Saturday, March 12, 2011

In the midst of devastation, perhaps some humour will help

Tomorrow's Gospel reading is Matthew 4:1-11. Here is a little something both to enlighten us and to humour us. Those grey clouds hovering over humanity after the tsunami can be dispelled with these thoughts about the little grey cells, as Poiret used to call the human brain. Enjoy!

"This year, the international brainfest auspiciously coincides with Lent, when we remember Jesus' 40 days and nights alone in the desert. Before this desert experience, Jesus was a newly baptized, unheard of, undereducated 30-year-old carpenter from the wrong side of the tracks who quit his day job. Afterwards, he became a popular traveling healer and preacher who spread the good news of God and wielded political power in unprecedented ways. Jesus must have had a major brain makeover during his desert sojourn to undergo such a sweeping personal transformation.

Unfortunately, it's a little late to give Jesus a brain MRI or CAT scan. Ah, but here's some good news! The gospel reading for Sunday, March 13 (Matthew 4:1–14) gives us insights as to how Jesus' brain changed in the desert, preparing the way for the mind of Christ to which Paul refers in 1 Corinthians 2:16 ("Who has known the mind of the Lord so as to instruct him? But we have the mind of Christ.")?

An important clue is in the very first line: "After Jesus was baptized, he was led up by the Spirit into the wilderness to be tempted by the devil." Before entering the desert, Jesus felt connected to God."

You can read more here. (H/T MCJ at MWC).

PS I may be misunderstanding this libation from the fountain of Anglican wisdom. Perhaps it is a serious essay and not a piece of humour. I have been known to misunderstand things.


laudable Practice said...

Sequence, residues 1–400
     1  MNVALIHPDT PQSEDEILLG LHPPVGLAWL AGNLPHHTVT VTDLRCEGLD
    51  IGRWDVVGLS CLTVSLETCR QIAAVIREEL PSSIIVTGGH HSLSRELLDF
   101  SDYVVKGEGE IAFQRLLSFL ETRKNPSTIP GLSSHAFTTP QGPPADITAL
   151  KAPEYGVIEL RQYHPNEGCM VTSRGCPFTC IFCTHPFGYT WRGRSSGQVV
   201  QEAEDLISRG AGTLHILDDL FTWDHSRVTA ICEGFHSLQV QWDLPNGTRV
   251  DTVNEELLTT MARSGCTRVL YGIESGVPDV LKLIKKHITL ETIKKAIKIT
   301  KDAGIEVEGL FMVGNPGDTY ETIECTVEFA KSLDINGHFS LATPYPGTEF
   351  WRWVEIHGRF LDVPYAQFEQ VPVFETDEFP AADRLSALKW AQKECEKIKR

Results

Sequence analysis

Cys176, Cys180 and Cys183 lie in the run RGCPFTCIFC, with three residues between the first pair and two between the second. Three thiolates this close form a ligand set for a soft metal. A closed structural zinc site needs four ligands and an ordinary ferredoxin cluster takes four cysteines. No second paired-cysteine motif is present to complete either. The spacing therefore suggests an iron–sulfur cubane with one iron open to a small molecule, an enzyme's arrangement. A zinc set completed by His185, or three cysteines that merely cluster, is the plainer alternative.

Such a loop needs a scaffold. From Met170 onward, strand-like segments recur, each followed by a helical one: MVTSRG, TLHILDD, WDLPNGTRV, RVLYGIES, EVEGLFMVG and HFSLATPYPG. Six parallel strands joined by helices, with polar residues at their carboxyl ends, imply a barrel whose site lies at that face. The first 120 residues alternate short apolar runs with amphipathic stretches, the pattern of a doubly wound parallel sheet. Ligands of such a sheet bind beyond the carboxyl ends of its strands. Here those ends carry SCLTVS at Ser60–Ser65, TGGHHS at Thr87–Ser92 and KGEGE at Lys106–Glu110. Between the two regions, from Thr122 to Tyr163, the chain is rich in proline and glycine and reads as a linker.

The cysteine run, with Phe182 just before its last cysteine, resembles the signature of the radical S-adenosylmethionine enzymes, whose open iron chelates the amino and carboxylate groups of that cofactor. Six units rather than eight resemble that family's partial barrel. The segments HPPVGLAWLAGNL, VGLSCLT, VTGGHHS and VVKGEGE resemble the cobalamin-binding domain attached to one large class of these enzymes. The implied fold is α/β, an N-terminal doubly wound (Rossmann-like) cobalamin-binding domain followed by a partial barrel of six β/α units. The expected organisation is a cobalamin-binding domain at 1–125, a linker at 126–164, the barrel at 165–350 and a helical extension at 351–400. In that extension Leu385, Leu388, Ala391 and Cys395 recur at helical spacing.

Peter - many thanks for drawing attention to what is a quite staggering post!

"In the quietness of his desert experience, Jesus partnered with God to get his own act together -- mind, brain, and soul. But even that was not enough to give him the mind of Christ. He had to return to community, healing, preaching, teaching, recruiting disciples, praying, and confronting Satan in others to grow into the brain and mind of Christ."

What on earth sort of Christology is this? "Jesus partnered with God"? "Even that was not enough to give him [i.e. Jesus] the mind of Christ"? Jesus needed community to have "the mind of Christ"?

So there was a time when Jesus was not the Christ?

The article ends by noting that the author is Credo faculty member. According to the organisation's website, "Our broader purpose is to ensure the continued growth and vitality of God’s people by promoting the welfare and leadership of the bishops, clergy, lay employees, and congregations of the Episcopal Church".


Paul Powers said...

That's the most charitable spin I can put on it: a bit of Swiftian humor in honor of St. Patrick's Day.

Andy S said...

Just tosh to help avoid the realization that Lent is a penitential season, a time of self reflection and personal confrontation of our sinful nature.